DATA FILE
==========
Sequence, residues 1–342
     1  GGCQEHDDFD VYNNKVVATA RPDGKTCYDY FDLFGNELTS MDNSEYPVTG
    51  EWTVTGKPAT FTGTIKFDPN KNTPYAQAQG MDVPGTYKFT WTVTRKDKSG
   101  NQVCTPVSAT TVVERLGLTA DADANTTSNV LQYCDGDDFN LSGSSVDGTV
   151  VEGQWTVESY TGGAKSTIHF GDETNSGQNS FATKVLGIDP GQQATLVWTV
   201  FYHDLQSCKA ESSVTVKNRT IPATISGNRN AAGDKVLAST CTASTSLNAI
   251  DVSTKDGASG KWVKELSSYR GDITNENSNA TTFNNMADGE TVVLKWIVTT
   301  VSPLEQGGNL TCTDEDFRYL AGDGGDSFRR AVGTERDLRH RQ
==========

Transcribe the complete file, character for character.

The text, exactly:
Sequence, residues 1–342
     1  GGCQEHDDFD VYNNKVVATA RPDGKTCYDY FDLFGNELTS MDNSEYPVTG
    51  EWTVTGKPAT FTGTIKFDPN KNTPYAQAQG MDVPGTYKFT WTVTRKDKSG
   101  NQVCTPVSAT TVVERLGLTA DADANTTSNV LQYCDGDDFN LSGSSVDGTV
   151  VEGQWTVESY TGGAKSTIHF GDETNSGQNS FATKVLGIDP GQQATLVWTV
   201  FYHDLQSCKA ESSVTVKNRT IPATISGNRN AAGDKVLAST CTASTSLNAI
   251  DVSTKDGASG KWVKELSSYR GDITNENSNA TTFNNMADGE TVVLKWIVTT
   301  VSPLEQGGNL TCTDEDFRYL AGDGGDSFRR AVGTERDLRH RQ